The CMS supports a number of different input types, see the Input class in CMS Template API documentation for a complete list.

The most common input fields are:

  1. Text – this is a plain text entry field that is typically a single line but can be configured to present a multi-line entry field.
  2. WYSIWYG – this is an entry field for HTML markup. The field presents a rich-text editor that allows inline formatting, stylesheet formatting, creating links and inserting tables and images amongst other capabilities.
  3. Image picker – this is a field that allows content editors to pick an image and once picked show a thumbnail in the entry form. The field can be configured to allow users to pick an existing asset in the CMS, to upload an image from their local computer or both.
  4. Document picker – similar to the image picker above but it does not show a thumbnail in the edit form. This field is useful for linking assets together.
  5. Dropdown lists
  6. Checkboxes

In addition, the Input class also provides methods for arranging your input controls. This is crucial as the input experience needs to be carefully thought out to ensure that content editors have the best user experience possible.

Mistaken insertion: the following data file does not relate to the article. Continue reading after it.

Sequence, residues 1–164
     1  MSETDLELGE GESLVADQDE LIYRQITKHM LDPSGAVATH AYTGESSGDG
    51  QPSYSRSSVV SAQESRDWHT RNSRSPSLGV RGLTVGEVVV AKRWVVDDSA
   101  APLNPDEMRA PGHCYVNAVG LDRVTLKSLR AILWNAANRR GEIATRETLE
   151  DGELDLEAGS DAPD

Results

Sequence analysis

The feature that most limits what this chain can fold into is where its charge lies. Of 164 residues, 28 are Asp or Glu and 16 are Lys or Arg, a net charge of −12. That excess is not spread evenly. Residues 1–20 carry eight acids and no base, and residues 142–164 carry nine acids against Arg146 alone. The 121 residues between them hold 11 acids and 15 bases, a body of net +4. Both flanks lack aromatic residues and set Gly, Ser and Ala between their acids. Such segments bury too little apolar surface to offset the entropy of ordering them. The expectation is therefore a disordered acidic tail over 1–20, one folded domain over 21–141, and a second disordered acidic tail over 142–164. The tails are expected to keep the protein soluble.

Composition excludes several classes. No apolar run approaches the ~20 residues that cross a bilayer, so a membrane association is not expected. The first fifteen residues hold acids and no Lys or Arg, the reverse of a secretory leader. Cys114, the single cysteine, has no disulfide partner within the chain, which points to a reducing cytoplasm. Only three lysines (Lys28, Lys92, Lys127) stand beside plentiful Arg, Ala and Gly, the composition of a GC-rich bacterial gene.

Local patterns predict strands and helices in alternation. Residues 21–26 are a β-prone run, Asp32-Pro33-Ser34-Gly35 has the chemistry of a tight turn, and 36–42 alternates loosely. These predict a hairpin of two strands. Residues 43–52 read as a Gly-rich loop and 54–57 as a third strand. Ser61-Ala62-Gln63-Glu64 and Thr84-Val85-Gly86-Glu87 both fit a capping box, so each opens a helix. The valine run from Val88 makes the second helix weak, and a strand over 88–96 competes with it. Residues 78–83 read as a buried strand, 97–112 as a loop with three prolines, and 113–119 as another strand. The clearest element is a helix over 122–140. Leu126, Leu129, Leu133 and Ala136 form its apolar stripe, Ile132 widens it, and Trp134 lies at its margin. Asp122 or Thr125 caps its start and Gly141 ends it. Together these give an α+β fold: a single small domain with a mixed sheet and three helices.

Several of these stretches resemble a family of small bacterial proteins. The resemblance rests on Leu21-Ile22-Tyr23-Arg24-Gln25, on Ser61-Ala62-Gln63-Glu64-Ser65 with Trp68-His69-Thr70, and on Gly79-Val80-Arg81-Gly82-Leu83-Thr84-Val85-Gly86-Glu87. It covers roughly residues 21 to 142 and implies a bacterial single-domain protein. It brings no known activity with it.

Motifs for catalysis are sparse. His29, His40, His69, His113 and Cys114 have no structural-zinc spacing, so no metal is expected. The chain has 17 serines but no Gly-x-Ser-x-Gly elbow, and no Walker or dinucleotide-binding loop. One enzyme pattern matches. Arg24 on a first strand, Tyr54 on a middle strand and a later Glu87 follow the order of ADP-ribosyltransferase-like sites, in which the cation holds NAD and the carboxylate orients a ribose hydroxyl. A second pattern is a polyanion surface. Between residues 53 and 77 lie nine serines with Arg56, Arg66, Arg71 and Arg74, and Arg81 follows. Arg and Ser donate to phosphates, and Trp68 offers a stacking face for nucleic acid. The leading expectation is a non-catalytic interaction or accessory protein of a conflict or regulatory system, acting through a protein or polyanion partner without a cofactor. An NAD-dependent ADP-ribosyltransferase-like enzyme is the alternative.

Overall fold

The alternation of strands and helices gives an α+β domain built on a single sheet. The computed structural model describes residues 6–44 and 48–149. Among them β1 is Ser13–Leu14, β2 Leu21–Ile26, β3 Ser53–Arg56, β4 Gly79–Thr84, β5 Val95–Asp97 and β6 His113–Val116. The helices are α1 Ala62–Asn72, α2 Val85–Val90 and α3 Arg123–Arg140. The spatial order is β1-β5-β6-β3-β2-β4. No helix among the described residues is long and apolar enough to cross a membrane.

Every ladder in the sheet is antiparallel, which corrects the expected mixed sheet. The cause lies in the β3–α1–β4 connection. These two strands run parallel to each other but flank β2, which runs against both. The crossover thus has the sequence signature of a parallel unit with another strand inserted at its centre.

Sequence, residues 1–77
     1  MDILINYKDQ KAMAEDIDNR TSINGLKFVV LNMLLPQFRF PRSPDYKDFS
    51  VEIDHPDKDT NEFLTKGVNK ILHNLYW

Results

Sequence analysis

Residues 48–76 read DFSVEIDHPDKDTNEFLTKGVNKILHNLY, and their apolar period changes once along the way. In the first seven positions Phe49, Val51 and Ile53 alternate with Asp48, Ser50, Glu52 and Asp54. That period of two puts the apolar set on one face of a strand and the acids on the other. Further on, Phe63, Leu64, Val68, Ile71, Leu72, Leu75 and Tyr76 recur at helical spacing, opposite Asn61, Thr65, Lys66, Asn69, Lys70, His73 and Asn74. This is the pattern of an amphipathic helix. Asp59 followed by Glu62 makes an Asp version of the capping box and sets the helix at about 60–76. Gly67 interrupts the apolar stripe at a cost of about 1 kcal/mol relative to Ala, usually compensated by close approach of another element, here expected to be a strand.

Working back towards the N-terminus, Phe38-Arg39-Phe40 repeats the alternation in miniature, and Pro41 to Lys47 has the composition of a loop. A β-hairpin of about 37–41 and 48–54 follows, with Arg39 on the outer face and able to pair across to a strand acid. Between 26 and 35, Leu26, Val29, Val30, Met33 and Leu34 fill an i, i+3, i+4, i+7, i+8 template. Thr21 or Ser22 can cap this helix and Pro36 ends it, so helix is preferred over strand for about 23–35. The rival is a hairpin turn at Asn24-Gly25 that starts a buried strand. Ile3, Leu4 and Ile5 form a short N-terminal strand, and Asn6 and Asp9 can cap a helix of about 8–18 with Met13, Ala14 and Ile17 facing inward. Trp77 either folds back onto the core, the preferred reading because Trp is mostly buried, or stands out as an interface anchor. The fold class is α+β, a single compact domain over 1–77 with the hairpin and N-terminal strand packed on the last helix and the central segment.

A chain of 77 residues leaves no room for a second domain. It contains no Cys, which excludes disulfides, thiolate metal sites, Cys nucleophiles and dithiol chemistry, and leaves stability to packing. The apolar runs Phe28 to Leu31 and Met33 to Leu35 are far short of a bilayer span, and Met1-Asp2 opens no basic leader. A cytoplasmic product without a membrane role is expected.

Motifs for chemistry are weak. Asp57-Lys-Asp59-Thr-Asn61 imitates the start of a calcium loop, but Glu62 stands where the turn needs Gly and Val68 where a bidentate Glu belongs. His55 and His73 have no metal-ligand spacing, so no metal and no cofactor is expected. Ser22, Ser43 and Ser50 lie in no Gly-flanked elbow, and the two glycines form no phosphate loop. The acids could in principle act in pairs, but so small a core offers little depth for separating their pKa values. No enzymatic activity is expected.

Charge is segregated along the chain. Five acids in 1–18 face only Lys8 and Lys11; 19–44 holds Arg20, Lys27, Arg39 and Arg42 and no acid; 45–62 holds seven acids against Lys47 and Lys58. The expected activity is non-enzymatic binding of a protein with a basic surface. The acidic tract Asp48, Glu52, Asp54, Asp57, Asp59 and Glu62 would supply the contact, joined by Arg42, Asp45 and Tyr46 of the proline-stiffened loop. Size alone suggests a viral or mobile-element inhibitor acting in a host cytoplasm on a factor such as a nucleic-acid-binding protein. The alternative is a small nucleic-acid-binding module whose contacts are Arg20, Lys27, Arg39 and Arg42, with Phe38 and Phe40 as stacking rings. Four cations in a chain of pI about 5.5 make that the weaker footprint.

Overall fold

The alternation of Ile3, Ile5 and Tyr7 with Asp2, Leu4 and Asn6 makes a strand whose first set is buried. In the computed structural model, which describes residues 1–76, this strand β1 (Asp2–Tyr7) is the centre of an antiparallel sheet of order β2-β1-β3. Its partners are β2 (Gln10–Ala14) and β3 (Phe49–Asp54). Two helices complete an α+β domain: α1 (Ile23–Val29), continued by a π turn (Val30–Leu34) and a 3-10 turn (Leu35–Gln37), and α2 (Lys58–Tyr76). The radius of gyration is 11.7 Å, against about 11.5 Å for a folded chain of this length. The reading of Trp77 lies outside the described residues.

Layout options include: Tabs, Expanding Panels, Headers, and Messages

I have mapped our article fields to the following input controls: (Field Field Control Control Poster Image ShowAcquireImage Title ShowTextBox Author ShowTextBox Publish Date ShowSelectDate Category ShowDropdown Leader ShowTextBox Body ShowWysiwyg)

The WYSIWYG control permits a significant degree of customisation, see the WysiwygParams class in the CMS Template API documentation for the full details. However, because WYSIWYG fields are relatively common, Crownpeak provide three pre-built configurations that you can pass directly to the input field or you can use them as the basis for your own customisations before passing in:

  1. ServicesInput.FullWYSIWYG()
  2. ServicesInput.MediumWYSIWYG()
  3. ServicesInput.CompressedWYSIWYG()

With this information, I'm going to go ahead and create the input experience.

  1. Navigate to the template folder
  2. Edit the 'input.aspx' template file
  3. Replace the boilerplate code with the code to create the article input experience.

One thing to note in the template code is not all parameters to API methods are required. If you only want to specify one or two of the optional parameters, you can use the C# 'keyword parameter' to do so

  1. Once we have all the input fields defined, save the template file.

We can now take a look at the input experience by navigating to our test asset and selecting "Edit form" from the context menu or the Action menu